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U.S Agency Accused of Omitting LGBTQ People From Nondiscrimination Statement

The General Services Administration denies removing specific mention of “sexual orientation” and “gender identity” from its nondiscrimination statement.
Image: General Services Administration in Washington
The General Services Administration headquarters building in Washington on Nov. 21, 2016.Saul Loeb / AFP - Getty Images file

The General Services Administration has been accused of removing specific mention of “sexual orientation” and “gender identity” from its Equal Employment Opportunity statement — an accusation the agency denies.

In a 2015 version of the agency's statement, “sexual orientation” and “gender identity” were specifically included in a list of categories under which discrimination was prohibited in the federal workplace. The 2015 statement also included a footnote explaining the inclusion.

“Allegations of discrimination based on either gender identity or sexual orientation will be considered under the EEO complaints process,” the footnote stated, referring to the Equal Employment Opportunity Commission.

A 'Mean-Spirited' Omission

In a separate online version of the agency's EEO policy, however, there is no specific mention of either sexual orientation or gender identity.

Several LGBTQ websites and advocacy groups, including the Human Rights Campaign, the nation's largest LGBTQ advocacy group, noted the omission and slammed the GSA this week for allegedly removing sexual orientation and gender identity from the statement.

The omission "is mean-spirited, deceptive and irresponsible,” David Stacy, HRC's government affairs director, said in a statement sent to NBC News.

“Cutting specific mention of sexual orientation and gender identity protections is a slap in the face to LGBTQ federal employees who proudly serve, and sadly signals that this administration does not value them," Stacy said. "The GSA should immediately restore the previous, accurate EEO policy.”

But a spokesperson for the GSA said the previous EEO policy was never rescinded in the first place and called the accusations by the HRC and others inaccurate.

"The GSA Order and Policy Statement on Equal Employment Opportunity, linked here at GSA Order 2310.7 ADM, is in full effect and has not been rescinded," the spokesperson said in an email sent to NBC News, adding that the separate version of the agency's EEO policy "was purely informational and not a policy statement."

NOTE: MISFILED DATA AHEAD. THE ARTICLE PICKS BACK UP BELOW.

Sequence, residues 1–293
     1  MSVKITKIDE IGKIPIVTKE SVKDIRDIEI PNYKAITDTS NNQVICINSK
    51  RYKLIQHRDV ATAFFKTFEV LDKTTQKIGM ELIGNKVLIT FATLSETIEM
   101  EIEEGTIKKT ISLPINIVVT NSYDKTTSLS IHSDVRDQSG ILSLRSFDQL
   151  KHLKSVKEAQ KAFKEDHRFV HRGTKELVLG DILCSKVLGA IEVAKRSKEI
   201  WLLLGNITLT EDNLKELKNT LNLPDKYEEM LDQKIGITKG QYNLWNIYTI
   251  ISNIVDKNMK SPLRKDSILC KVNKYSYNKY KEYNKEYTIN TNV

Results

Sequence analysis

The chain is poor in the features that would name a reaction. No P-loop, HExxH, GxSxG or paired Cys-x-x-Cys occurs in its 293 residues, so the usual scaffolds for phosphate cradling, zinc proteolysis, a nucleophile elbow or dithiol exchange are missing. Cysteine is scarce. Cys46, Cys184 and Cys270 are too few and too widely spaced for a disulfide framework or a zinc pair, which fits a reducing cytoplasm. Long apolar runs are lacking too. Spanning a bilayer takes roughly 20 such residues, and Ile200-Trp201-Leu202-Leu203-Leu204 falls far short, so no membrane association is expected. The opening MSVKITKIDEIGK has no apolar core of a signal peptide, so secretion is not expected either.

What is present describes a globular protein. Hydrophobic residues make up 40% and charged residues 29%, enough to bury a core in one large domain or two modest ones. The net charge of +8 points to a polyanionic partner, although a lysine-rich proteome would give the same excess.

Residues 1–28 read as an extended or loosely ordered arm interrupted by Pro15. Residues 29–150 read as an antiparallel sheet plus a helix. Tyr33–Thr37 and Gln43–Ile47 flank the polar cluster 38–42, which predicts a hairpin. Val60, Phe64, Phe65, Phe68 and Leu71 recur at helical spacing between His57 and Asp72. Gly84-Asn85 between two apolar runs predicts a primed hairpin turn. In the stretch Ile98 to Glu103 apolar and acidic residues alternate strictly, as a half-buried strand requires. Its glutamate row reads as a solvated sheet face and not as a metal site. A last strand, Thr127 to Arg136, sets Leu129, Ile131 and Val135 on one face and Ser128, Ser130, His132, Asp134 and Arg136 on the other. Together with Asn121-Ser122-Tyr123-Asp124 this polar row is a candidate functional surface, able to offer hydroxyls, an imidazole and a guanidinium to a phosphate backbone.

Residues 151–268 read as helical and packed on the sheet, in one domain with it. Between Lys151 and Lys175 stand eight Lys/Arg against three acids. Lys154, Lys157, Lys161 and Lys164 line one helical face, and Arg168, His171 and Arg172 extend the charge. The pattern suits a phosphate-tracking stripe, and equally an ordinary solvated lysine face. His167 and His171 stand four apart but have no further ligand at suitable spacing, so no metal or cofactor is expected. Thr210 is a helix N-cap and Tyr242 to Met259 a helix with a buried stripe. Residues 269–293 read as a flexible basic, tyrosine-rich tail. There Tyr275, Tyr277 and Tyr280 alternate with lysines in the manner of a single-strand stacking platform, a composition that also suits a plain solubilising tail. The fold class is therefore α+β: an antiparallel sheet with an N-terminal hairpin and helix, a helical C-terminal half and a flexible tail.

The GSA spokesperson also noted that the version of the EEO policy that does not include specific mention of "sexual orientation" and "gender identity" has been on the GSA website "since at least 2012 and has not been modified."

The GSA, which provides centralized procurement and building leases for the federal government, is not the first Trump administration agency to be accused of removing mention of sexual orientation and gender identity from its nondiscrimination policy.

The Commerce Department was accused earlier this year and admitted doing so, though a spokesperson for the department attributed the omission to an oversight. The department eventually reissued the policy to specifically include sexual orientation and gender identity.

The Meaning of 'Sex' Discrimination

Government agencies are currently split on the interpretation of the sex discrimination provision in Title VII of the Civil Rights Act of 1964, which "prohibits employment discrimination based on race, color, religion, sex and national origin."

The Equal Employment Opportunity Commission, which enforces federal anti-discrimination law, has taken the position that Title VII covers sexual orientation and gender identity.

The Justice Department, however, does not share this view. Under the leadership of Attorney General Jeff Sessions, the department has recently submitted court briefs opposing the extension of Title VII discrimination protections on the basis of sexual orientation and gender identity.

If President Donald Trump’s two nominees for the Equal Employment Opportunity Commission are confirmed by the Senate, they could tip the balance of the commission decidedly to the right. If that happens, experts say the agency may step back from LGBTQ-employment-rights advocacy and fall in line with the Justice Department’s position on Title VII.